LIVE: Groezrock 2012 part one: Saturday

By Tom Aylott

Belgium may not be particularly famous for its mainstream musical exports, but once a year the reasonably sleepy village of Meerhout changes all that. It’s is bombarded with tens of thousands of punk fans from across Europe for Groezrock festival, and Punktastic makes the trip every year to get an earful of everything from unashamed pop punk to brutal hardcore. It’s always big two days in the calendar and with Rancid and Refused topping the bill this year, we just couldn’t wait to make the trip.

This year, we began the weekend at the main-stage with Philadelphia’s finest recent export The Menzingers [4/5]. The quartet proved an excellent way to wake up an early afternoon crowd, and though they play a set heavy on their recent album ‘On The Impossible Past’, there is plenty of massive singalongs. Frontman Tom May’s vocals are on top form and ring out in perfect tone over the raw instrumentation.

Next, over on the Impericon Stage, pop punkers We Are The In Crowd [3.5/5] are conceivably playing to an entirely different audience. Although beginning their set to a relatively small crowd, it doesn’t take long for stragglers to be enticed in by their sickly pop-punk riffs and female/male trade off vocals. Although their male vocalist Jordan Eckes misses a few notes and is overshadowed by his female counterpart, there is something entirely refreshing about the dual vocal set up, and the band go down well despite being at the very poppiest end of the Groezrock scale.

Marked with the tagline ‘Back to Basics’, the Etnies tent is without barrier or security; encouraging as many stage invasions and dives as physically possible from an increasingly energetic audience. With this, Hostage Calm [2.5/5] take to the stage, but fail a little to fully engage with the crowd. Despite the potential on display, the quintet regularly sound a little confused, and during their surprisingly short set it seems like their cover of The Clash goes down better than their own material – it’s a shame as they’re usually great.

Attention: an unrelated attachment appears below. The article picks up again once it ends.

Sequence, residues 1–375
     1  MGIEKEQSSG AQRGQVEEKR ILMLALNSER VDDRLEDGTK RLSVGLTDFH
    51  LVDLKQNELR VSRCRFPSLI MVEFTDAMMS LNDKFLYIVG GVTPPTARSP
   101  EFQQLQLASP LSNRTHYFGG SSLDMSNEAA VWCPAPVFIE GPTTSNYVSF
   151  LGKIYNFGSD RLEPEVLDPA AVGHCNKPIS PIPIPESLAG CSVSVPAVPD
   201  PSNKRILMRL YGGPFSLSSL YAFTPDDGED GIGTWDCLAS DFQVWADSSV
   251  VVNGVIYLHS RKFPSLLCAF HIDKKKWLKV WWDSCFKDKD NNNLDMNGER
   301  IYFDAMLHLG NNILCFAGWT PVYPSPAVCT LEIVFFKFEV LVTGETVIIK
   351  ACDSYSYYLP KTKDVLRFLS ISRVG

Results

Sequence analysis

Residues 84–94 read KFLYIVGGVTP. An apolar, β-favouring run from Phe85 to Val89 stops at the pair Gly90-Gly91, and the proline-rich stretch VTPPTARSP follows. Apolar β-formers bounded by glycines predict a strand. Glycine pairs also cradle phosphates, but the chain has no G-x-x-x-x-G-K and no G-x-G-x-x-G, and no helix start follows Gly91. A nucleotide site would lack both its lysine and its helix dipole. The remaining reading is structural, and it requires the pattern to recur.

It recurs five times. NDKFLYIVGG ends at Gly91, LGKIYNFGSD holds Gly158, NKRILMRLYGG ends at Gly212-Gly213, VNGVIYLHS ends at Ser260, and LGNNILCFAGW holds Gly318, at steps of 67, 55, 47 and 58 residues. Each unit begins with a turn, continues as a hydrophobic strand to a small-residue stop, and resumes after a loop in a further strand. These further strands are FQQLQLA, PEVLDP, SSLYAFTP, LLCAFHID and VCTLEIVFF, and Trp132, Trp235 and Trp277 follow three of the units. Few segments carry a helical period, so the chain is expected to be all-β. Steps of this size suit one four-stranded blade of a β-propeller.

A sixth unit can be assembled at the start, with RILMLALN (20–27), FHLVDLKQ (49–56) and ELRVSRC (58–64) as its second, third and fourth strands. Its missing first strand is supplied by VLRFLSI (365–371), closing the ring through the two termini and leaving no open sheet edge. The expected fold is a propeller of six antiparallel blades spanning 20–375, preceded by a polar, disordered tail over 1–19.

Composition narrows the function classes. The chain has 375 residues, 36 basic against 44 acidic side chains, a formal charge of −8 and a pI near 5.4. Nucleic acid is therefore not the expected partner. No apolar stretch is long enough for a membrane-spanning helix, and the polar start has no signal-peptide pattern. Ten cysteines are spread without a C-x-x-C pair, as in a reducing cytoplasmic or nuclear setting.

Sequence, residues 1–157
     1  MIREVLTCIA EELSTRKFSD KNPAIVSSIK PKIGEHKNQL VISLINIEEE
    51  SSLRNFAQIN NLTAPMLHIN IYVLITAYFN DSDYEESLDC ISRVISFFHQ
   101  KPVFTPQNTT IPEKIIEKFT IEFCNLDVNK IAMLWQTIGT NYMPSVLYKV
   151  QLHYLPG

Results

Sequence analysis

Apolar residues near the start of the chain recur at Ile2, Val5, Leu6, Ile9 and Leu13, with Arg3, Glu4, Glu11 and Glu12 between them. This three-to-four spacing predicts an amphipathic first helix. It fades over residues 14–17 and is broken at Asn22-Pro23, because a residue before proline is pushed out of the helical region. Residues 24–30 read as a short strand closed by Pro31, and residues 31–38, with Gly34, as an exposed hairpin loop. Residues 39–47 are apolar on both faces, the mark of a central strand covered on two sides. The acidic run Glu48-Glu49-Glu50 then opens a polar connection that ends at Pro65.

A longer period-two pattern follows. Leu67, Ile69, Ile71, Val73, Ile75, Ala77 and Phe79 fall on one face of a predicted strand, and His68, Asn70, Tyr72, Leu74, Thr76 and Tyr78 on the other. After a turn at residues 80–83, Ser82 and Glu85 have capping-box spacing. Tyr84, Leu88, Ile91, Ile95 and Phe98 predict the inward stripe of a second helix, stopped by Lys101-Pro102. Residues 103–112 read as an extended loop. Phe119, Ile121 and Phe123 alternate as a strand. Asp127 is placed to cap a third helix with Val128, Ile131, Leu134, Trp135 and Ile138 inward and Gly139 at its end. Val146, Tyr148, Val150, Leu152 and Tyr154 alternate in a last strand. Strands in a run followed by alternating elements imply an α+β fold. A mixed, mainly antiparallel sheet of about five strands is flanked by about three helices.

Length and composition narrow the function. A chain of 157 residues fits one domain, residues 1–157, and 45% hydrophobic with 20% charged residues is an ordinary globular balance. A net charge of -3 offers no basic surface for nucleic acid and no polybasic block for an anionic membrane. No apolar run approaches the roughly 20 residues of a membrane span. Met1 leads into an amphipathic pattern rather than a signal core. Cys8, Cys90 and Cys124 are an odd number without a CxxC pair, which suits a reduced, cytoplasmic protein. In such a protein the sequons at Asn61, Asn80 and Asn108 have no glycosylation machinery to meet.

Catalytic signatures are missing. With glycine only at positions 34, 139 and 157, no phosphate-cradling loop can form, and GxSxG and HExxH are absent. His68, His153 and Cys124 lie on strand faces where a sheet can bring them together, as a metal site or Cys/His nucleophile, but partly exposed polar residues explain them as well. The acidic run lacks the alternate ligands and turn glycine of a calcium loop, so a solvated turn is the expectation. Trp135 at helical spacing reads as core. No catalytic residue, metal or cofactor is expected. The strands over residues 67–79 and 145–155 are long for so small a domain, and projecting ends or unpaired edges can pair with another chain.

Of all of the bands that were making high profile returns at Groezrock, Belvedere [4.5/5] were possibly the act producing the most question marks as to just how it would work out. Thankfully, their mid-afternoon set on the main stage was just something else. As it’d appear that this reunion isn’t one that’s destined to fruit new material, it might well be the first and last time many fans would get to see them live, but they did themselves justice and produced one of the most memorable sets of the weekend.

Ska at Groezrock seems to come and go with mixed reactions, but fortunately for fans of the ever-unfashionable genre, the main-stage boasts one of the greatest 3rd wave live bands today in Reel Big Fish [4/5]. Predictably, they kick the party off in fine style. The Californians unreservedly bounce through a greatest hits medley that would please any die-hard, whipping the crowd into an absolute frenzy. Though their 45 minute set falls in the middle of the day, this may as well be a headline performance for the crowd’s reaction. The ever present country and death-metal versions of ‘Suburban Rhythm’ prove to be a massive pleaser, as does the unmistakeable Reel Big Fish take on Metallica (though a ska band covering a metal band at a punk festival might be the most irrelevant thing to happen this weekend).